It is true that you cannot force your friend to get professional help, to check into rehab or even to go to Alcoholics Anonymous or another self-help group. But you can encourage your friend that maybe now is the time to do something to get this drinking situation under control. Be prepared for some push-back, since this is not something the problem drinker wants to hear.
But don’t give up, either.
Arrange for an Intervention
When things have gotten so bad that your friend is always drunk, always looking for a reason to drink, and his or her life is spiraling out of control with numerous and serious negative consequences, a good friend would consider arranging for an intervention.
This should be a professional intervention, handled by a trained and certified interventionist. The purpose of the intervention is to convince the problem drinker to go into treatment – immediately. This isn’t something that you can do by yourself, as much as you might want to. You’re not trained to do so and the truth is that those closest to the problem drinker are often swayed by the sometimes intense emotional outbursts that occur during an intervention. Professional interventionists have seen it all, heard it all, and know how to deal with the wild mood swings and displays of anger and bouts of crying that occur all too often.
It’s probably a good idea to talk with the family members and loved ones and possibly other close friends of the problem drinker to enlist them to participate in the intervention as well. This won’t be betraying any secrets. The fact that your friend is a problem drinker isn’t anything they don’t already know, especially if the behavior has gone on for some time.
During the intervention, you and others participating will have the opportunity to tell the problem drinker how his or her drinking has impacted your life, what it has cost your friendship, and that you sincerely want and encourage your friend to accept the gift of treatment. By gift we mean that it is a potential lifesaver for your friend, not that you are paying for the rehab.
The object, indeed, the sole purpose of the intervention is to get the problem drinker to accept treatment. Arrangements will have been made ahead of time to get the person off and into rehab immediately. No putting this off until next week or next month. That will never happen. Only in the rarest instances should going to rehab be delayed for a day or so. During that interim, the problem drinker may really go on an all-out bender and decide to forget about his or her promise.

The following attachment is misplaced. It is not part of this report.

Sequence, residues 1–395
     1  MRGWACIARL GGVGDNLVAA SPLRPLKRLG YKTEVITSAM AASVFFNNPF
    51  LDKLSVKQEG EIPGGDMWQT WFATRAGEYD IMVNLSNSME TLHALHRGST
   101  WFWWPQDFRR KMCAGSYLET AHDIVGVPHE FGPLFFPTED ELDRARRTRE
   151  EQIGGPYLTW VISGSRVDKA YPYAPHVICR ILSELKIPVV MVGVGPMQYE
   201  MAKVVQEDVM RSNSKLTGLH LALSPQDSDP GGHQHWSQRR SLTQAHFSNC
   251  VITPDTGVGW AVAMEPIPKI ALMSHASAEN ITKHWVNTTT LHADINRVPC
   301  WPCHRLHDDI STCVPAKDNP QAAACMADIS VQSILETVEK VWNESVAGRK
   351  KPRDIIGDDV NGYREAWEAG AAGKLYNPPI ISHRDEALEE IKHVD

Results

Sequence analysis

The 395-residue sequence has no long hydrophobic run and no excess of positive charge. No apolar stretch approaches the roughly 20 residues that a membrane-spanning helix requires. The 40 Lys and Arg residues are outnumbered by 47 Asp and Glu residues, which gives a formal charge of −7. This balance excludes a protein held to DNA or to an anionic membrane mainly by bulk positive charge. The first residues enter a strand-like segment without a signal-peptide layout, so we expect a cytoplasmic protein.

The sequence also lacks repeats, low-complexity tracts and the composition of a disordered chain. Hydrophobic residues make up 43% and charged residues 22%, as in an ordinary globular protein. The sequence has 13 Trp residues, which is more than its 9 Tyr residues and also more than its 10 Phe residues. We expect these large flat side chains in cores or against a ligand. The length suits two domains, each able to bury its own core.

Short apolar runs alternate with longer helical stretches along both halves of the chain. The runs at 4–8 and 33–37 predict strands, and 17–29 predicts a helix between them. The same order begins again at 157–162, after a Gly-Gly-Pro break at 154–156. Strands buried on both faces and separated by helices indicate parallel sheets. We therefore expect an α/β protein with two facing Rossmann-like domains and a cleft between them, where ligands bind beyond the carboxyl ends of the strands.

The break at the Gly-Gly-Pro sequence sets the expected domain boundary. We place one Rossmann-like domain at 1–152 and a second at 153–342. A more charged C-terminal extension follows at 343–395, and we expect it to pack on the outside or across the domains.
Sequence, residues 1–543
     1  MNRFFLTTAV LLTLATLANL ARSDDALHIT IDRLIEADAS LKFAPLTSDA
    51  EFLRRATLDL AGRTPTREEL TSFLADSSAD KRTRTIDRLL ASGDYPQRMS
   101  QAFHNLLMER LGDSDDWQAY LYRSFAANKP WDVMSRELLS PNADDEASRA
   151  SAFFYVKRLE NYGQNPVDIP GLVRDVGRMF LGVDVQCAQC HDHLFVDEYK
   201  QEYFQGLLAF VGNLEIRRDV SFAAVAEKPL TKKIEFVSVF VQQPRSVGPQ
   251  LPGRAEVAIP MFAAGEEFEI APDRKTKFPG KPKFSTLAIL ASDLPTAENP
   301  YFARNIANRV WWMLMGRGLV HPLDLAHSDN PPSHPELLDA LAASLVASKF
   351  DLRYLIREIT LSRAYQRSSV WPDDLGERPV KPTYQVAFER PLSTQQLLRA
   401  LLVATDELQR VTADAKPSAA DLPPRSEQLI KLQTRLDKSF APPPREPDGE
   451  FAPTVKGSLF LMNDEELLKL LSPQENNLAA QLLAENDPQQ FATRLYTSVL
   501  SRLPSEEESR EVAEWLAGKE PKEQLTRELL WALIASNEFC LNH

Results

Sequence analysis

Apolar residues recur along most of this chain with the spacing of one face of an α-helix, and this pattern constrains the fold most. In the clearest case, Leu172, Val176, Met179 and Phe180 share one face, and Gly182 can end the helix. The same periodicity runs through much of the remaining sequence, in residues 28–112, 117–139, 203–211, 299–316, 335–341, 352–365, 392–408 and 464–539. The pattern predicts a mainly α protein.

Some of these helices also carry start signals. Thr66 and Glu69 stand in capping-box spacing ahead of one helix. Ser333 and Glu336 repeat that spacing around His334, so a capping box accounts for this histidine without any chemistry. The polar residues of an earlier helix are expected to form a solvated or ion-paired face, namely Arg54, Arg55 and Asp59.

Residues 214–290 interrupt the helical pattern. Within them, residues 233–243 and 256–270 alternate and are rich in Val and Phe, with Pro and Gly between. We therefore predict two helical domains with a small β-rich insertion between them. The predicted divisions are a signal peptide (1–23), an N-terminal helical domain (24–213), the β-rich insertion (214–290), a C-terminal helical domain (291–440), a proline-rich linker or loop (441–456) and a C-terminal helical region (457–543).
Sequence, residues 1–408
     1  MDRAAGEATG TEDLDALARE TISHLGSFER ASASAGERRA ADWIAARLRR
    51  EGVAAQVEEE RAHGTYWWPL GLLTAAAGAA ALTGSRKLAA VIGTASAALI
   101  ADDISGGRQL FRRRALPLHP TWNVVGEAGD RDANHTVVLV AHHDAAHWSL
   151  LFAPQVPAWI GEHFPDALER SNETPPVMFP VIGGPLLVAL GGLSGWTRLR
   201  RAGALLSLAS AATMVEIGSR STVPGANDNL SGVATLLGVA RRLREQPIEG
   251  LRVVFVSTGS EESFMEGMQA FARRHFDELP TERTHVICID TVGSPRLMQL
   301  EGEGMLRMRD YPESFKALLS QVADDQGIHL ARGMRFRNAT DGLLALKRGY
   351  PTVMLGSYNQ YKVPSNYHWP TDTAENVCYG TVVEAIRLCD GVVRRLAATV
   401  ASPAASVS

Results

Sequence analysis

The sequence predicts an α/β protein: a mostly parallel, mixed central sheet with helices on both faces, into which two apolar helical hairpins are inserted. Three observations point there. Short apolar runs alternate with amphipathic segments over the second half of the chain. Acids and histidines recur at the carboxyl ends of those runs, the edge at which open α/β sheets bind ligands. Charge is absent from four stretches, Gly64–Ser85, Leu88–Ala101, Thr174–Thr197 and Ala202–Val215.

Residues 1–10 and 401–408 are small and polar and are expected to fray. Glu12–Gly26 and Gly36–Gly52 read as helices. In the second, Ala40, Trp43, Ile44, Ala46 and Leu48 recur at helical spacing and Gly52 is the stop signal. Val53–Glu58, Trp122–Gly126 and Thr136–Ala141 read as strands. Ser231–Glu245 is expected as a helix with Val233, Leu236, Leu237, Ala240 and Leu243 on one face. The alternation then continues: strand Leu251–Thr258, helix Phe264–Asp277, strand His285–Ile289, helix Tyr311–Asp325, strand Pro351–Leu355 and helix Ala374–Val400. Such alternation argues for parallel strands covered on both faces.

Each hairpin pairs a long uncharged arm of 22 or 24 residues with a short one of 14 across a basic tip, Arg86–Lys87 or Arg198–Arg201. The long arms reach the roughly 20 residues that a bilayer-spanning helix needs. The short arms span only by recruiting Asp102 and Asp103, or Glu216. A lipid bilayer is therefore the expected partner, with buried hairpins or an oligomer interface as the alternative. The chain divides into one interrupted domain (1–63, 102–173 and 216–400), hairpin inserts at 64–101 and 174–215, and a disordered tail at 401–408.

No, going to rehab right away is the only way this has a chance to work. And even then there are no guarantees. But being in the safe and protected environment of a certified alcohol treatment program will give your friend the best opportunity to learn how to overcome dependence on alcohol – and possibly other substance abuse as well.
Be There For Your Friend Post-Treatment
Let’s say your friend did accept treatment, went into rehab, and is now entering recovery. That’s when the real work begins. What your friend learned during treatment only prepared the way for life without alcohol. Now, however, it’s time to put that learning into practice.
Most likely your friend will be going to Alcoholics Anonymous or some other self-help group. You, as a good friend, should support and encourage this participation, even reminding your friend that there’s a group that meets near work or offering to take and pick up your friend so that he can keep going to meetings.
Above all, make sure your friend knows that you are there for him, that you value your friendship and want the best for his future in sobriety. This means you’ll need to forego drinking in front of your friend, help to create situations for social interaction that don’t involve drinking, and more of the suggestions already mentioned.
One final point to keep in mind about problem drinkers is that once a person is an alcoholic, they are always an alcoholic. They will be in recovery for the rest of their lives. It isn’t just confined to rehab and then it’s done, they can go back to drinking. The goal is complete abstinence, since that’s the only way a problem drinker can begin to experience life without the damaging and potentially life-threatening effects and consequences of drinking.
But, just because a person is an alcoholic doesn’t mean that they cannot change their lives. By choosing to live in sobriety, they are just like you and me and anyone else – trying to live a healthy, happy and productive life. It’s just that they’ve made the choice to do so without resorting to abuse of substances, including alcohol.
Be a good friend. Don’t let a problem drinker drink – and do all you can to support your friend’s efforts to clean up, get sober, and make a new life for himself.